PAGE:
Egypt has launched a drive to recover its antiquities taken abroad, including some residing in famous museums.

Copyright 2009 Associated Press. All rights reserved. This material may not be published, broadcast, rewritten, or redistributed.

AP-ES-03-22-09 1319EDT

Engraved and gold-inlaid Colt single-action army revolver known as Sears & Roebuck Cowboy Special, sold for $747,500. Image courtesy James D. Julia Auctioneers.

Gun auction featuring Joseph Murphy’s Colt collection earns $11.4M

Engraved and gold-inlaid Colt single-action army revolver known as Sears & Roebuck Cowboy Special, sold for $747,500. Image courtesy James D. Julia Auctioneers.

Engraved and gold-inlaid Colt single-action army revolver known as Sears & Roebuck Cowboy Special, sold for $747,500. Image courtesy James D. Julia Auctioneers.

FAIRFIELD, Maine (AP) – A two-day auction of high-end firearms and memorabilia generated sales totaling nearly $11.4 million.

About 100 bidders and spectators showed up Tuesday, March 17, for the final day of the sale at the James D. Julia Inc. auction house in Fairfield.

A highlight was the sale of 40 lots from the Colt firearms collection of Pennsylvania businessman Joseph A. Murphy.

Julia said the collection is the finest, gun for gun, ever to come to auction. Two other auctions that will include rare pieces from Murphy’s collection are scheduled for October 2009 and March 2010.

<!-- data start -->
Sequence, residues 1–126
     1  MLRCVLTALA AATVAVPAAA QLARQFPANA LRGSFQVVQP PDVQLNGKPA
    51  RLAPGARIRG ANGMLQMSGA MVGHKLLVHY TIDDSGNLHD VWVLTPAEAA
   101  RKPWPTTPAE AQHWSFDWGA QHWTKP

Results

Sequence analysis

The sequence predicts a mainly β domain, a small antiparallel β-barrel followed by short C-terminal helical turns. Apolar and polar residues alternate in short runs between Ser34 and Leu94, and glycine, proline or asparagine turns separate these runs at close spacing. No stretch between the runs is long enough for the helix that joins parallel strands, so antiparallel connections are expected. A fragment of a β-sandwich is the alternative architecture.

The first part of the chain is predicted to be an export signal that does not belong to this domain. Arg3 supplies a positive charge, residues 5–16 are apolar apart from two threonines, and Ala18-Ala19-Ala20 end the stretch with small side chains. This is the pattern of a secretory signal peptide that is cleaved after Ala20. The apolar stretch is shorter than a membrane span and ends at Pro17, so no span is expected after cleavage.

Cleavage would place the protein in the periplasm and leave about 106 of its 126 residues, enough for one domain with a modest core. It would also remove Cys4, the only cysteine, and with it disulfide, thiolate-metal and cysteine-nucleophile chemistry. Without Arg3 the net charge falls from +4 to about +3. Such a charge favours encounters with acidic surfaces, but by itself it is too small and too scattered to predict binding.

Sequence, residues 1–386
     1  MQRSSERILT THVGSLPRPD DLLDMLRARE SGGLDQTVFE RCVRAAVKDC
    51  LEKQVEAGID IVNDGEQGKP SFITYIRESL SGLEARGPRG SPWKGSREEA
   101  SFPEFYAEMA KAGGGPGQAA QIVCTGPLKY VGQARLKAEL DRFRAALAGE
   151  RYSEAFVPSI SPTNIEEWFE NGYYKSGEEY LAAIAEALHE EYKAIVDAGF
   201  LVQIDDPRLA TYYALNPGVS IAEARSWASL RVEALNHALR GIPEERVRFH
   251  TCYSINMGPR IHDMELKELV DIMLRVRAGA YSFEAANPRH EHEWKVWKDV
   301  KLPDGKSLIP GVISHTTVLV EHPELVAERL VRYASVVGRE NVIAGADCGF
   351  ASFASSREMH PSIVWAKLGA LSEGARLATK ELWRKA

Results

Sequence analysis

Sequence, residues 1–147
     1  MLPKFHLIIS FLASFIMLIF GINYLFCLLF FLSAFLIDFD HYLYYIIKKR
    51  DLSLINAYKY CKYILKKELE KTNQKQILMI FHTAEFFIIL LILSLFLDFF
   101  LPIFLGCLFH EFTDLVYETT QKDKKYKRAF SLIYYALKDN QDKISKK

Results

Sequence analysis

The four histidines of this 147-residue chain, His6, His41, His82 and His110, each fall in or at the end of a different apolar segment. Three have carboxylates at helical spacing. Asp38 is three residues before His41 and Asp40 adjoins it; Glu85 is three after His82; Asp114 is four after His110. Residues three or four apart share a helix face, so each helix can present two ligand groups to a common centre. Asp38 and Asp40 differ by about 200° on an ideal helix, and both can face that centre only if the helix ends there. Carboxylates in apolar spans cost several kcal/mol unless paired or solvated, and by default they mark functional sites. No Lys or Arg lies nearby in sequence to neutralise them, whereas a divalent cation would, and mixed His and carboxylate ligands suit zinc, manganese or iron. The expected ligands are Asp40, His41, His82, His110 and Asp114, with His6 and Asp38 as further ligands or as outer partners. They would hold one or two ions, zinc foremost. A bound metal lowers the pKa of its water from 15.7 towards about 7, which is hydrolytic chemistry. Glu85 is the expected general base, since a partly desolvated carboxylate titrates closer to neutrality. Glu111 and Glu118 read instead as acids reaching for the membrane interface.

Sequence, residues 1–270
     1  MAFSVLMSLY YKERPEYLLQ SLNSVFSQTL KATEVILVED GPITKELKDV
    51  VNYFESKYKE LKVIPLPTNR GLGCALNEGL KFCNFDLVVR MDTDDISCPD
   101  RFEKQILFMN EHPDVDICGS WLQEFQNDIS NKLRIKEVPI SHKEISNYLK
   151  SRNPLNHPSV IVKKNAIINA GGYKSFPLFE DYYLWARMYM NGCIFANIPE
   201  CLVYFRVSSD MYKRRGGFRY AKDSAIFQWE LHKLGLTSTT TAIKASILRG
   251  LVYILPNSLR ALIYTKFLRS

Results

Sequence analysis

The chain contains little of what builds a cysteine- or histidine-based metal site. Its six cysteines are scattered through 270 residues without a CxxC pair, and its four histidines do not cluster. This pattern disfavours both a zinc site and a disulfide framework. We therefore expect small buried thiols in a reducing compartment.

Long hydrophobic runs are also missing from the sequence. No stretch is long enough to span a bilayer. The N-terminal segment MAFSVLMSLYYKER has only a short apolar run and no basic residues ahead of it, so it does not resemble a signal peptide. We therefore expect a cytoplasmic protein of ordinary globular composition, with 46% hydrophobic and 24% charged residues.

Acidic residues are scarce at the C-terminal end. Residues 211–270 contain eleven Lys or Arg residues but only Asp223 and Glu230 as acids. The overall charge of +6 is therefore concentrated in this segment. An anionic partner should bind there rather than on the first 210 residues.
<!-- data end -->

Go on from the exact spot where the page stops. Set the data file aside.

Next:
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Information from: Bangor Daily News, http://www.bangornews.com

Copyright 2009 Associated Press. All rights reserved. This material may not be published, broadcast, rewritten, or redistributed.

AP-ES-03-18-09 1410EDT

C.M. Russell art auction fundraiser tops $1.4M

GREAT FALLS, Mont. (AP) – Unofficial tallies show the C.M. Russell Art Auction in Great Falls sold $1,466,930 worth of artwork on Friday and Saturday nights, the fifth-best weekend in the auction’s history.

Spirited bidding pushed one of Charlie Russell’s watercolors to $100,000 as the auction sold $807,700 worth of art Saturday night.

Since its inception in 1969, the auction has been a fundraiser for the C.M. Russell Museum. The Great Falls Ad Club, which sponsors the event, adds a 13 percent surcharge to the bid price (10 percent for cash and checks), then deducts its expenses from that total and donates the rest to the museum.

Over the years, the Ad Club has donated $5,579,342 to the museum through the auction, including $1,046,175 from the popular Quick Draw event.